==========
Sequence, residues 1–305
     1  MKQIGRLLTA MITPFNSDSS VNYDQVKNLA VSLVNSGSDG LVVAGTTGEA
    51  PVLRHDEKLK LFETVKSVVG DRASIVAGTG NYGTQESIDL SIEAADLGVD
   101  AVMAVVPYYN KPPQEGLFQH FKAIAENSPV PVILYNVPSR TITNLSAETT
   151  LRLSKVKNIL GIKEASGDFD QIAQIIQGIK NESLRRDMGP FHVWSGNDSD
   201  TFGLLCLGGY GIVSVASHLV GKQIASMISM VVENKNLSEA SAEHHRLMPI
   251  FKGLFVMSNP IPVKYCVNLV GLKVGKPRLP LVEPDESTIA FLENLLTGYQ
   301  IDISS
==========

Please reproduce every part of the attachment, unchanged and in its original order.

Sequence, residues 1–305
     1  MKQIGRLLTA MITPFNSDSS VNYDQVKNLA VSLVNSGSDG LVVAGTTGEA
    51  PVLRHDEKLK LFETVKSVVG DRASIVAGTG NYGTQESIDL SIEAADLGVD
   101  AVMAVVPYYN KPPQEGLFQH FKAIAENSPV PVILYNVPSR TITNLSAETT
   151  LRLSKVKNIL GIKEASGDFD QIAQIIQGIK NESLRRDMGP FHVWSGNDSD
   201  TFGLLCLGGY GIVSVASHLV GKQIASMISM VVENKNLSEA SAEHHRLMPI
   251  FKGLFVMSNP IPVKYCVNLV GLKVGKPRLP LVEPDESTIA FLENLLTGYQ
   301  IDISS